The Genome Folding Problem

Associate Professor at MIT Leonid Mirny on the scales of the DNA structure, chromosome interaction, and parallel sequencing

videos | June 3, 2014

How long is the DNA strand of a human genome if you stretch it linearly? What are the contemporary methods used for investigating the structure of chromosomes? Professor of Health Sciences and Technology and Physics at Massachusetts Institute of Technology Leonid Mirny explains how polymer physics helps to solve biological problems.

We are trying to understand how the genome is folded in 3D, it’s actual spatial structure, and we’re also trying to understand what are the functional implications of this folding. Genome is not a homogeneous thing, there are genes, the regions where there are no genes, and we are trying to see what’s the functional role of this three-dimensional folding of the genome. This folding of the genome is not static. As cells divide they compactify their genome into dense chromosomes in metaphase and then separate the chromosomes. So genome is opening up after cell division and then closing for cell division.

When I isolate chromosomes and I chop them, I can now through a series of clever biochemical steps connect them into a single molecule. These two pieces that are far [from each other] on the linear chromosome are now going to be connected because they’re kept together by the glue. And after I connect them I can actually identify their nucleotide sequence. Through sequencing technology I can actually read DNA here and read the DNA sequence there. If I do it massively and in parallel I will get billions of such short reads, and each read tells me the nucleotide sequence of one piece of the hybrid and the other piece.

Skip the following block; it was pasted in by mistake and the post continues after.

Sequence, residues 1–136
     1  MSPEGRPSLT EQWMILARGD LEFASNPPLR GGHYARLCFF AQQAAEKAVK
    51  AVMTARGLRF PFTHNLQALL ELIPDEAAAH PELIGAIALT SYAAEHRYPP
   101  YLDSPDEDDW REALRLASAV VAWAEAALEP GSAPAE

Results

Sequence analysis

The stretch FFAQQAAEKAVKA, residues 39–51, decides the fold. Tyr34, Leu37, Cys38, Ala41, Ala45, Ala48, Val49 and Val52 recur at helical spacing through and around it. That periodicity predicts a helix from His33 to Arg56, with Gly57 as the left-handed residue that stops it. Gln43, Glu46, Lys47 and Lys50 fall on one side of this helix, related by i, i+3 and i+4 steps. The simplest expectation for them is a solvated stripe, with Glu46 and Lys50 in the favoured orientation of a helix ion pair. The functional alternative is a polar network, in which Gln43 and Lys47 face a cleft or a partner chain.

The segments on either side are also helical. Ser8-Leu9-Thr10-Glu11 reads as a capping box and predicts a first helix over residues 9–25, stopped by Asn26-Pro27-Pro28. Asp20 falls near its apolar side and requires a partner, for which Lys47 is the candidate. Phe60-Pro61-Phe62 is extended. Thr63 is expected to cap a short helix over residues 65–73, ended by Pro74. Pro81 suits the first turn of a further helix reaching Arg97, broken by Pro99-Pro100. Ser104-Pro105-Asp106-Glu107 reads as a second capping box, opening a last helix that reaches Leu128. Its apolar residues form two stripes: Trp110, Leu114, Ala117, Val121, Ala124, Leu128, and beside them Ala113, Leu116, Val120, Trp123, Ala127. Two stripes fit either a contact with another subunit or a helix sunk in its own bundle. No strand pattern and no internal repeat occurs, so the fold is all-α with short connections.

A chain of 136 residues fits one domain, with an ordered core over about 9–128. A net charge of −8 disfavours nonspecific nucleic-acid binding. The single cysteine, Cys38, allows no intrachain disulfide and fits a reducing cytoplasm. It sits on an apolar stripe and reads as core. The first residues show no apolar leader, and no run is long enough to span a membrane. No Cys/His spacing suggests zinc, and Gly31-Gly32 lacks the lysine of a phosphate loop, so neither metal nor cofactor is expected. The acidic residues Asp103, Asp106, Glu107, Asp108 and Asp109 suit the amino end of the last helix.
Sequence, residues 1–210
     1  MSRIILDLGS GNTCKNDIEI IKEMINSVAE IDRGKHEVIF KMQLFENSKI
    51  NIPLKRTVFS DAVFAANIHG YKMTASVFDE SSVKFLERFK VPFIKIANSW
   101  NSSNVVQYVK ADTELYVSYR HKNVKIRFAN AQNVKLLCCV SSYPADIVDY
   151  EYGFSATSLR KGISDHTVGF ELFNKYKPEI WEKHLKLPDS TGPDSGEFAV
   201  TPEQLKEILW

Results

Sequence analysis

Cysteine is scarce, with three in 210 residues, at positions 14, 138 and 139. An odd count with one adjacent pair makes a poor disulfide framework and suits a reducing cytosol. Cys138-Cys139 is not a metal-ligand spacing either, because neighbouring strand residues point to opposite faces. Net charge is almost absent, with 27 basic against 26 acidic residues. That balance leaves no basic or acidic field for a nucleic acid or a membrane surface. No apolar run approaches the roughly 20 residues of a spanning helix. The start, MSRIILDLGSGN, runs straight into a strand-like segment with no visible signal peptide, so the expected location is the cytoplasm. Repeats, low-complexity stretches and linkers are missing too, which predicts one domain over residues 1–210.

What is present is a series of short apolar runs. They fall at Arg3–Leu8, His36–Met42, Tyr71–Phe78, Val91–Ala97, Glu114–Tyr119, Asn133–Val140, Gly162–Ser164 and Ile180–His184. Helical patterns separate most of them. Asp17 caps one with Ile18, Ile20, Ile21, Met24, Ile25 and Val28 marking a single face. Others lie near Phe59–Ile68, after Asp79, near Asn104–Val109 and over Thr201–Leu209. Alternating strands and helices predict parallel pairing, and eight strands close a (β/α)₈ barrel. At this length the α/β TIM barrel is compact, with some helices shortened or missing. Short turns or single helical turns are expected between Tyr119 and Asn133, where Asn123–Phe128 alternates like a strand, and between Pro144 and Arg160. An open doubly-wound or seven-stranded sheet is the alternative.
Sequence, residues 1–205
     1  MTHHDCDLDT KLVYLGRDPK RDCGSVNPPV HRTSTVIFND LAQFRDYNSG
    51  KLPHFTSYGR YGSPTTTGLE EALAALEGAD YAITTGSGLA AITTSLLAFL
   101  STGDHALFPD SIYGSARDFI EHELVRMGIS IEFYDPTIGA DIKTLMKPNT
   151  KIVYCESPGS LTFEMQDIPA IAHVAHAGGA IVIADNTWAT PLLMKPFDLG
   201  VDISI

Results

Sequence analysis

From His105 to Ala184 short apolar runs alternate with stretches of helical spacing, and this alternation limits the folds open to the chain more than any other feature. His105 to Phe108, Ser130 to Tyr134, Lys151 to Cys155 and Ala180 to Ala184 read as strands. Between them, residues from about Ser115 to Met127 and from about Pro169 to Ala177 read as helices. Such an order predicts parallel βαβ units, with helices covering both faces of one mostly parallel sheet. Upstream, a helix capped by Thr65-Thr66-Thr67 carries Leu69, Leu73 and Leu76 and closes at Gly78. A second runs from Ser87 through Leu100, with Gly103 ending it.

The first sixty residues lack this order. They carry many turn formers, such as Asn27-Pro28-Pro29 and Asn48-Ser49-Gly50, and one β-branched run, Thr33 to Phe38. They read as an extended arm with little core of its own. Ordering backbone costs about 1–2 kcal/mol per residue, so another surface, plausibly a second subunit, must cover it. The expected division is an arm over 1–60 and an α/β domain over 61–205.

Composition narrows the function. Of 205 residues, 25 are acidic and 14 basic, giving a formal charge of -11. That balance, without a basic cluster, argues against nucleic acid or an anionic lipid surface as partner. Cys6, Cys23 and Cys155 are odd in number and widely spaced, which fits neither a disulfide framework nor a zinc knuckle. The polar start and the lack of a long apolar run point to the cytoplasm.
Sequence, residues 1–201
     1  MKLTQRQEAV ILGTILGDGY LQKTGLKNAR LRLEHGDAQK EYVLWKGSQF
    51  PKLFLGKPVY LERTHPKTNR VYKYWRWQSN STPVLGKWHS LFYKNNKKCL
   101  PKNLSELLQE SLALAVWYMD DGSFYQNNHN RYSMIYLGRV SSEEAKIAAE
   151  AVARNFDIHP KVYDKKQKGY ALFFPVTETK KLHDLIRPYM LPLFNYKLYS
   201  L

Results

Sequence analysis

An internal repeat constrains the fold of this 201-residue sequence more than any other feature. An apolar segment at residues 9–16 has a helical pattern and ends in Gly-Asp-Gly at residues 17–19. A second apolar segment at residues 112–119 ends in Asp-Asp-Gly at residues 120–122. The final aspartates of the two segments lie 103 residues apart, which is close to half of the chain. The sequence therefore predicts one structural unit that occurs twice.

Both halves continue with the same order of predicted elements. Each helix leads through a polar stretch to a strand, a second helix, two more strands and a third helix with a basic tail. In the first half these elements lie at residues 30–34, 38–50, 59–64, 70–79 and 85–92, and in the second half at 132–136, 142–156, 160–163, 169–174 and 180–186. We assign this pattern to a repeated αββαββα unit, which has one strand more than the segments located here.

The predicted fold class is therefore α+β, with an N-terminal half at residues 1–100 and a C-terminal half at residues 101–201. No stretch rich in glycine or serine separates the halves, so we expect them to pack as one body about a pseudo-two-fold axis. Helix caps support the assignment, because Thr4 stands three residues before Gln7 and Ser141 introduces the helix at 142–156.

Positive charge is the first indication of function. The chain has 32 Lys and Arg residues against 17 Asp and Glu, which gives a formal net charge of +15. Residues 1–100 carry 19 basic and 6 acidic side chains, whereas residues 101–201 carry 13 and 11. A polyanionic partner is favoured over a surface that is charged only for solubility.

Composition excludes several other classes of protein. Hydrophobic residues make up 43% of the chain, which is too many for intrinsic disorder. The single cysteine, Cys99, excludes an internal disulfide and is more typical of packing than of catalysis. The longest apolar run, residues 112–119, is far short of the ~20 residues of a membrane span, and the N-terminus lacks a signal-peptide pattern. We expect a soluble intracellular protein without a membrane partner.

We are making first steps towards understanding this structure and solving this structure, so what we understood so far is that it’s not going to be a solid structure, like the structure of proteins, because these molecules are very long and flexible, these are going to be an ensemble of structures rather than a single structure. And in this ensemble chromosomes will have very different shapes, but nevertheless we’re trying to understand what are the principles of folding of this ensemble. So what forces drive folding of chromosomes, what organizational principles drive their further folding when they are folding into metaphase chromosomes and then segregation of chromosomes.

Associate Professor, Harvard-MIT Division of Health Sciences and Technology, Department of Physics, Massachusetts Institute of Technology; Principle Investigator, Mirny Lab
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